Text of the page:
I have a 94 S-10 Blazer 4.3 Vortec CPI "W". For some reason now when I try
to start the truck you can smell gas real bad and it won't start, it almost
seems like it instantly floods, but once it's running the smell goes away.
Also, the fuel pump seems to run longer than it should. It will run until it
pressurizes, then when you turn the key off and back on it runs again for 5-
10 seconds as if it never was pressurized. If I use starter fluid, it
typically starts right up and idles just fine, and runs just fine under full
throttle even. Once it starts it runs like a champ. Very seldomly it will
start without starter fluid but takes a few tries. However, if the truck
sits for say 3 or more days without being started, it takes about 10 minutes
to start even using starter fluid. The first 5 minutes it doesn't even try
to start as if it's not sparking, or else it would at least ignite the
starter fluid and sputter a bit. This does not occur if it is started daily.
I've had a few mechanics say it might be the (spider) injection assembly
which I've seen online is prone to leaks. I've had one say it might be a
leaking injector, or the fuel pressure regulator. It sure seems like it's
flooding because of the long time it takes to start but if it was leaking
fuel into the engine the fuel would combust and blow back I thought but this
doesn't happen. I'm at a complete loss with this, hope someone has some
The injector and nut kit should be replaced. One or both are leaking
into the upper intake causing the flooding condition and low fuel
pressure. If it's the injector/regulator assembly, it's best to
replace the "nut kit" (this actually is the kit containing the 2 fuel
lines inside the plenum) while you're in there. If it's the "nut kit"
and you can afford to replace the injector/regulator assembly also, I
would as it's likely not far behind. Easiest way to determine the
failure is to pull out the valve on the top of the engine, it's called
the Intake Manifold Tuning Valve (IMTV), and shine a light in there.
If the driver's side is wet with fuel, it's the nut kit, passenger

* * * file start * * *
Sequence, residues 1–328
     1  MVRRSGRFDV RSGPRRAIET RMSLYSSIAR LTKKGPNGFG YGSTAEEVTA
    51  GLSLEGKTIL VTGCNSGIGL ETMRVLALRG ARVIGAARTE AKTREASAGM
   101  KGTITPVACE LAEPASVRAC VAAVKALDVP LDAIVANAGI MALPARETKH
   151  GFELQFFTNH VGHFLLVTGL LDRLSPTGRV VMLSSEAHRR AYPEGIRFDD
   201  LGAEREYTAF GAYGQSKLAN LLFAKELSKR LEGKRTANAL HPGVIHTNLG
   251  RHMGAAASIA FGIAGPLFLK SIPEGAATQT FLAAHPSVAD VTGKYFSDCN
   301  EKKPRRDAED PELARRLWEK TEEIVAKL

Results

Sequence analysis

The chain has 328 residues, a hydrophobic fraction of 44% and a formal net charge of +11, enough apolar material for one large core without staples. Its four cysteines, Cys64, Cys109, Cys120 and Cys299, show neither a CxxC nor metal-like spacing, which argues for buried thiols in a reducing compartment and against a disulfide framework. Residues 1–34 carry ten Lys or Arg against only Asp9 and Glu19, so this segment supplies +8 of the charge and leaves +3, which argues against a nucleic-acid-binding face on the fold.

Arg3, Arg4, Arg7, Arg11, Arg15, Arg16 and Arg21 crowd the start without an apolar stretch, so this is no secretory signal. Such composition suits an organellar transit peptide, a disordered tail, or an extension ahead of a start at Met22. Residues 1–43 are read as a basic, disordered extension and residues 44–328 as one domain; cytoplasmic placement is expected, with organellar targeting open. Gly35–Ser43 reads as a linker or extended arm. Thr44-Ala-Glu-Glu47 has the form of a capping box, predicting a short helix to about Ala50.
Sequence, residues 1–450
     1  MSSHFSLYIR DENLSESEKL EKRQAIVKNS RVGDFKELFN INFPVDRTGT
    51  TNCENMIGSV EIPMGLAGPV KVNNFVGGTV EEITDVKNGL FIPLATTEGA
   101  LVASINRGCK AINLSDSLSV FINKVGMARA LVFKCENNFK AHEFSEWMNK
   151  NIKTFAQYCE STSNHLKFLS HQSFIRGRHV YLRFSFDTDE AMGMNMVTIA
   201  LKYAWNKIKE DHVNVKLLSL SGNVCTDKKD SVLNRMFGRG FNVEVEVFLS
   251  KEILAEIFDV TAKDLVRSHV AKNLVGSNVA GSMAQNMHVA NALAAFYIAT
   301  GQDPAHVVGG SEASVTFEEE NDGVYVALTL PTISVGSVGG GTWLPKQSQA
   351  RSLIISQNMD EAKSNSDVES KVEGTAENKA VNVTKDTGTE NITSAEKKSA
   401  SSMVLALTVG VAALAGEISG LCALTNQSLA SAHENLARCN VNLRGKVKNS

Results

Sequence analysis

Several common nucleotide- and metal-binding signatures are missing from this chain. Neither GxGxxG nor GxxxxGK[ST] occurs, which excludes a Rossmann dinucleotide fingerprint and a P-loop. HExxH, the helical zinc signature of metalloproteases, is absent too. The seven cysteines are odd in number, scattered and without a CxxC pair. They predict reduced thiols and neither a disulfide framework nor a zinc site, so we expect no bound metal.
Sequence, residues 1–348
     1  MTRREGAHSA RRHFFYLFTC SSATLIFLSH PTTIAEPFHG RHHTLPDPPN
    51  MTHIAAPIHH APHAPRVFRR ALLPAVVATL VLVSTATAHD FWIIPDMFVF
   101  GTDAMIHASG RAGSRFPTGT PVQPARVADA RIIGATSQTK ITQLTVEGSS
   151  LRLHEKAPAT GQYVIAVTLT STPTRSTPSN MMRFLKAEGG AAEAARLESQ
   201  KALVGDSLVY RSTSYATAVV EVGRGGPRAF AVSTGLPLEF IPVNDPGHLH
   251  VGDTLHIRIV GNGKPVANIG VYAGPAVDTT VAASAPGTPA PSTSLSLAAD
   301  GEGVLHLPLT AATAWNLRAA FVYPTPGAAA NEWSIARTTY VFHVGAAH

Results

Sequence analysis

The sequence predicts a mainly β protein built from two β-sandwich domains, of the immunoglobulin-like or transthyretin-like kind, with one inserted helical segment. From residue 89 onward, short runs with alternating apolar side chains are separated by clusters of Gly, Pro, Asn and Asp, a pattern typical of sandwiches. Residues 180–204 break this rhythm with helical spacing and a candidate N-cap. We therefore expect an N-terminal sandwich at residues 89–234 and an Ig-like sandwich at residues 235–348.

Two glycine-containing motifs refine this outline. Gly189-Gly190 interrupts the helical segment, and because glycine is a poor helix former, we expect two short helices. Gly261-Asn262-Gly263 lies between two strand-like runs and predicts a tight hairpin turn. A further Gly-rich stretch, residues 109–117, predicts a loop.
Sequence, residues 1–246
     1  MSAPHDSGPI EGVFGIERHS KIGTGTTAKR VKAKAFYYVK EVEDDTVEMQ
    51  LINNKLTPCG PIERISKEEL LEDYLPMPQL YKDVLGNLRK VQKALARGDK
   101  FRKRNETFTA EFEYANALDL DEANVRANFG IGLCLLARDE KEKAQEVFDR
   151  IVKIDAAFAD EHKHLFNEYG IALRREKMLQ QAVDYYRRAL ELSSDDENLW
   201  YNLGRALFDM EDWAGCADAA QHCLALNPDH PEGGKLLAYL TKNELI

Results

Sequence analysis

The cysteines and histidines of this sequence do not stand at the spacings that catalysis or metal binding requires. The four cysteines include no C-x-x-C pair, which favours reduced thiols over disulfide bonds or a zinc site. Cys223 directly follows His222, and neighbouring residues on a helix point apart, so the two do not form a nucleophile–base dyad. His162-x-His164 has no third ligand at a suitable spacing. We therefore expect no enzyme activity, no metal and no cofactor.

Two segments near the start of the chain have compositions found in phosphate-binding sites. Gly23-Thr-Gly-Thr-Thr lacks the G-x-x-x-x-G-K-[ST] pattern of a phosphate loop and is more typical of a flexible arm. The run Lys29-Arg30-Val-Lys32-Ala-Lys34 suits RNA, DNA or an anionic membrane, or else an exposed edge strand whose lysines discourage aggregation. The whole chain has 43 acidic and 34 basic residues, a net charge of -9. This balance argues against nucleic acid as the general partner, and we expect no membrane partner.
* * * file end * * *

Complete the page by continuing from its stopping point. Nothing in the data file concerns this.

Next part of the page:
side is the regulator. As I said though, if neither has been
replaced, do both anyway, and a Hayne's manual should have enough info
do make the repair yourself.
Task should take about 4-6 hours for a rookie shadetree to do, not
really hard, just time-consuming. I did it myself, before that the
most I had done was changing spark plugs. Labor will be about 50% of
the cost at a shop, if both parts are replaced.
The mechanics are partially right. The injector (one with 6 poppett
nozzles on it) is integral with the fuel pressure regulator. The
typical failure is the regulator.
That's pretty much what I figured from researching the internet. For awhile
I figured it was electrical but I tested that and the plugs are sparking, I
was sure hoping it wasn't the injector assembly because I've already checked
the prices awhile back and I don't like it lol. Anyhow thanks for the fast
response, much appreciated.
If you determine the regulator is the culprit, I've seen just a replacement
regulator on several sites. Autozone online shows a Motormite replacement
#55162. I don't have any personal experience on how successful a "fix"
this would be but might be less costly way to try. If you can afford to do
so, replace the nut kit too.
Parts of the injector assembly can become very brittle with age,
especially after heat/cool cycles. When I did mine, the locking ears
for some of the poppet nozzles broke right off when I went to remove
them, and I was being careful despite having a replacement unit. That
becomes a fire hazard should the poppet nozzle pop out of its desired
position. That's why I suggested replacement of the unit, this way he
doesn't have to worry about breaking the poppett nozzle tubes when
attempting to repair the regulator.
It is possible to make the repair as you mention, but even GM lists
the part as non-serviceable. I imagine it's for the reasons listed
In fact one of the ears broke on the poppet nozzle when I replaced my CPI
unit. It's been awhile since I've had it apart but it seems like the
regulator could be removed without actually removing the CPI assembly.
However, as you stated, one "bump" of the fragile tubing could make the job
I have a 95 CPI W and I had the same problem, I had it to my mechanic on and
off for 2 years and it was doing the same thing your's is doing. It was the
spider assembly, I got it fixed a month ago and now it run like a champ. Mine
also had a bad miss on a cold start then as i ran it thru the day is was fine.
I also had a hard time starting mine, when my mechanic took the manifold off
to get to the spider assembly there was a puddle of gas so it was constantly
fludding out. So I would definatly say the spider is the problem. I also had
the feed lines changed. It cost me about 900.00. Hope this helped
I took my Blazer to the shop yesterday to have it checked. It turns out the
fuel pump was only pushing at 28psi and the plugs were fouled badly. They
are replacing the pump since I already paid to have it towed there and will
check the sending unit as well. Total if sender is bad is $465, or $300 if
the sender is good and doesn't need replaced. I just find it strange that I
just replaced that pump and sending unit sometime around Thanksgiving and it
went bad already. Thanks for all the feedback and help guys.
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